Judicial Council Note, 1991: Sub. (2) clarifies that papers (other than those requiring a filing fee) may be filed by facsimile transmission to the judge or clerk, if a local court rule, or the judge in a specific matter, so permits. [Re Order eff. 7-1-91.]
A notice of appeal may not be filed by facsimile transmission. Only papers that do not require a filing fee may be filed by fax. Pratsch v. Pratsch, 201 W (2d) 491, 548 NW (2d) 852 (Ct. App. 1996).
Venue in civil actions or special proceedings. 801.50(1)(1)
A defect in venue shall not affect the validity of any order or judgment.
Except as otherwise provided by statute, venue in civil actions or special proceedings shall be as follows:
In the county where the real or tangible personal property, or some part thereof, which is the subject of the claim, is situated;
In the county where a defendant resides or does substantial business; or
If the provisions under par. (a)
do not apply, then venue shall be in any county designated by the plaintiff.
All actions in which the sole defendant is the state, any state board or commission or any state officer, employe or agent in an official capacity shall be venued in Dane county unless another venue is specifically authorized by law.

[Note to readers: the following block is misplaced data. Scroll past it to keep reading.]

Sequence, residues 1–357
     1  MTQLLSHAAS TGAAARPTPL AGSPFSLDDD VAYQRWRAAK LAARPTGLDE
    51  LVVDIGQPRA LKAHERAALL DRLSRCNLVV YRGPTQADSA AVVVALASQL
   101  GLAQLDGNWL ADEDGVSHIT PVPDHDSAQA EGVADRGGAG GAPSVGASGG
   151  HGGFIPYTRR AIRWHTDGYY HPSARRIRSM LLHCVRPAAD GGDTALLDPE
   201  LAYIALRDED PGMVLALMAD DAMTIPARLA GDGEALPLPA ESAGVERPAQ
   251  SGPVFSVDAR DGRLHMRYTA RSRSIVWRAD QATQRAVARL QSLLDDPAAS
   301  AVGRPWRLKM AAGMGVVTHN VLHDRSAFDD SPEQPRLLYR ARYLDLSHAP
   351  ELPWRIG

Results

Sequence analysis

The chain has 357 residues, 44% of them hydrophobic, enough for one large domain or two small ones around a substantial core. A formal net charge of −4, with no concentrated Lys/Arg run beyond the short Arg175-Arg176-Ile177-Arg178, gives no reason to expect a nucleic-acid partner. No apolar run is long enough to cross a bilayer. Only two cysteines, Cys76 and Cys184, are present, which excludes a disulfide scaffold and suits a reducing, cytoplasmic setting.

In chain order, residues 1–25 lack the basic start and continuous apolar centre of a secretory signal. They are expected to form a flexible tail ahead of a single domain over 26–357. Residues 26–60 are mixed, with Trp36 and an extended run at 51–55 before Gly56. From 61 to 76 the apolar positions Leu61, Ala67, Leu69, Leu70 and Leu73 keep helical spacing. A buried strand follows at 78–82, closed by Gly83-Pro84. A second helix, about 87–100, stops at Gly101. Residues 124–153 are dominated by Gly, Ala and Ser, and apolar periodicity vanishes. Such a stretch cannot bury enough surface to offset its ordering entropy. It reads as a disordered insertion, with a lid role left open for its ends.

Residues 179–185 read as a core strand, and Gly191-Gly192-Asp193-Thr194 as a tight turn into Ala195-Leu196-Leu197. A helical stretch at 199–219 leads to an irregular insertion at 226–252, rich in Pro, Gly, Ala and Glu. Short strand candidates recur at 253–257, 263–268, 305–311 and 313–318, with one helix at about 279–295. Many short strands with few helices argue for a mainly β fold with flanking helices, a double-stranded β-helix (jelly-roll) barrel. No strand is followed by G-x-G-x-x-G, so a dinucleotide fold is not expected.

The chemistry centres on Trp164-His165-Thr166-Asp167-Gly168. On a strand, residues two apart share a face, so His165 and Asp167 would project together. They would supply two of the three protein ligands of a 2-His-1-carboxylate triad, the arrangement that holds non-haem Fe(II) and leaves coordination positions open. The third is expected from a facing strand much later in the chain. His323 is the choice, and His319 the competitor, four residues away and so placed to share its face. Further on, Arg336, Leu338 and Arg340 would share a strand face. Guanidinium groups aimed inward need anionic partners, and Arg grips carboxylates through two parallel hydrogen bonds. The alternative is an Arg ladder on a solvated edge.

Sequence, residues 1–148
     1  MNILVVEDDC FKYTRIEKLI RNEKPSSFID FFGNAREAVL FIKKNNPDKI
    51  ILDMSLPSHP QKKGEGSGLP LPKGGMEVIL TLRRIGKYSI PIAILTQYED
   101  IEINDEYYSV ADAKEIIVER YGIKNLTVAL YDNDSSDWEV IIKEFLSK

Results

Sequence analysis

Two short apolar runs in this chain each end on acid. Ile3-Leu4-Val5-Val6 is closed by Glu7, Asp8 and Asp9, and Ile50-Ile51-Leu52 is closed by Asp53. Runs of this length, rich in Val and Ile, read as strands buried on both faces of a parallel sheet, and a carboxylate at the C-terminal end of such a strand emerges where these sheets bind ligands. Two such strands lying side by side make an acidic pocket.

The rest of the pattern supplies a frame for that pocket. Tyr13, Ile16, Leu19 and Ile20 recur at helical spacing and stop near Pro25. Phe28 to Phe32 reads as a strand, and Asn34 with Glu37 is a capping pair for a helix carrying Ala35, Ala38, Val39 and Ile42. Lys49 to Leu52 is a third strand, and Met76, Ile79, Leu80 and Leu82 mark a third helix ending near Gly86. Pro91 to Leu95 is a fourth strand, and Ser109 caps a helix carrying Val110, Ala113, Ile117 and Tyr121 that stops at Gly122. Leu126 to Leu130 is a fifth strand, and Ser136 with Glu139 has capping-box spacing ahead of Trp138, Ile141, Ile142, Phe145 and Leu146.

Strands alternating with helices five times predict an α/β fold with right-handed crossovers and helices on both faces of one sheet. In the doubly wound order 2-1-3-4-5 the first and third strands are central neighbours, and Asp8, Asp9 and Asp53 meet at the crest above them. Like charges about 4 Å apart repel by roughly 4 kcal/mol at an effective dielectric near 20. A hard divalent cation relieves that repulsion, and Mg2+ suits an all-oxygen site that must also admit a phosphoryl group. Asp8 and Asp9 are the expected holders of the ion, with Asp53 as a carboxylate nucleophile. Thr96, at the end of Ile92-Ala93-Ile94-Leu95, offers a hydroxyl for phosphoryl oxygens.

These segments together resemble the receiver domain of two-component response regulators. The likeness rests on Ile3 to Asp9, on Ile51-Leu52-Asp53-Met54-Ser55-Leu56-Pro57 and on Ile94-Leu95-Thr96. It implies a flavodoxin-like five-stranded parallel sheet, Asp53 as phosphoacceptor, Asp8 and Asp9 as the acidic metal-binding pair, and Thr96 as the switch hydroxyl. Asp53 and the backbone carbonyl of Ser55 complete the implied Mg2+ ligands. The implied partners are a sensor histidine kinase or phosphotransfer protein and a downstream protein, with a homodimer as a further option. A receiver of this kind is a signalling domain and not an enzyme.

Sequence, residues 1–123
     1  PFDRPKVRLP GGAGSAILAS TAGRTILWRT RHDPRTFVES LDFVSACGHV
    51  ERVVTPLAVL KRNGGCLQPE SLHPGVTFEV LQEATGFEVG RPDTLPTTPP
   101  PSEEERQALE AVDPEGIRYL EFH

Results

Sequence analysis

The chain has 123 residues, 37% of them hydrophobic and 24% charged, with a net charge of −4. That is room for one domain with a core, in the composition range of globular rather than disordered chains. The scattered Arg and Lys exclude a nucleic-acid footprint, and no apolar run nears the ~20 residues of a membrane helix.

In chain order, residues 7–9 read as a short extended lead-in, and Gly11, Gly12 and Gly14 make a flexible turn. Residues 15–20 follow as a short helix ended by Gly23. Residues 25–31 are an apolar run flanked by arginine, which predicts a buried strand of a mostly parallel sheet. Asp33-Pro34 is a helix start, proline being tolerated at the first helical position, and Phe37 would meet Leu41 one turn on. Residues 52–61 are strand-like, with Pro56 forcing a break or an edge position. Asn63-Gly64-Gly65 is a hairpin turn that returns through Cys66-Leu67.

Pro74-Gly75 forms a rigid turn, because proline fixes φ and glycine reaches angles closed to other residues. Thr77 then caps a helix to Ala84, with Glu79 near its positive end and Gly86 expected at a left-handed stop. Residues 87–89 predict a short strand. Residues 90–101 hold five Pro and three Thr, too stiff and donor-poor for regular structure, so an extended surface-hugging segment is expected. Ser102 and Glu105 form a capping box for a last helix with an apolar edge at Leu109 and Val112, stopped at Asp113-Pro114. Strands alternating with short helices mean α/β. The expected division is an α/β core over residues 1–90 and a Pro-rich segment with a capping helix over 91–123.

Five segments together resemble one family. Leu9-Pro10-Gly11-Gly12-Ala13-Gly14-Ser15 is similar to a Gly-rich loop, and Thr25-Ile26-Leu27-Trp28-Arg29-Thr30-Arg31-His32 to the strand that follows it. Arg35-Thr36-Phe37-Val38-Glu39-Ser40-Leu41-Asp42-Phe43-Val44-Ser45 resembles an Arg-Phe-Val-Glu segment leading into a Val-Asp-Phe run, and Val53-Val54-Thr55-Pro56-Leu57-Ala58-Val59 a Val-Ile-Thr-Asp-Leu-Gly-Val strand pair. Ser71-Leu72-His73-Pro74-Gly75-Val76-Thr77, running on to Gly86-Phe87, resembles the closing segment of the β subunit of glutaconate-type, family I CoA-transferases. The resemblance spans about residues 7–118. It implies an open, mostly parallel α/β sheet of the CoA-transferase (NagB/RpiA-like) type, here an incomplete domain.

Venue of an action seeking a remedy available by habeas corpus shall be in the county:
Where the plaintiff was convicted or sentenced if the action seeks relief from a judgment of conviction or sentence under which the plaintiff's liberty is restrained.
Where the liberty of the plaintiff is restrained if the action seeks relief concerning any other matter relating to a restraint on the liberty of the plaintiff.
Venue of an action to review a probation or parole revocation or a refusal of parole by certiorari shall be the county in which the relator was last convicted of an offense for which the relator was on probation or parole or for which the relator is currently incarcerated.
Venue of an environmental pollution action brought by a person who is not a resident of this state against a commission created under s. 66.882
shall be in the county which contains the 1st class city that is located wholly or partially within the applicable district created under s. 66.882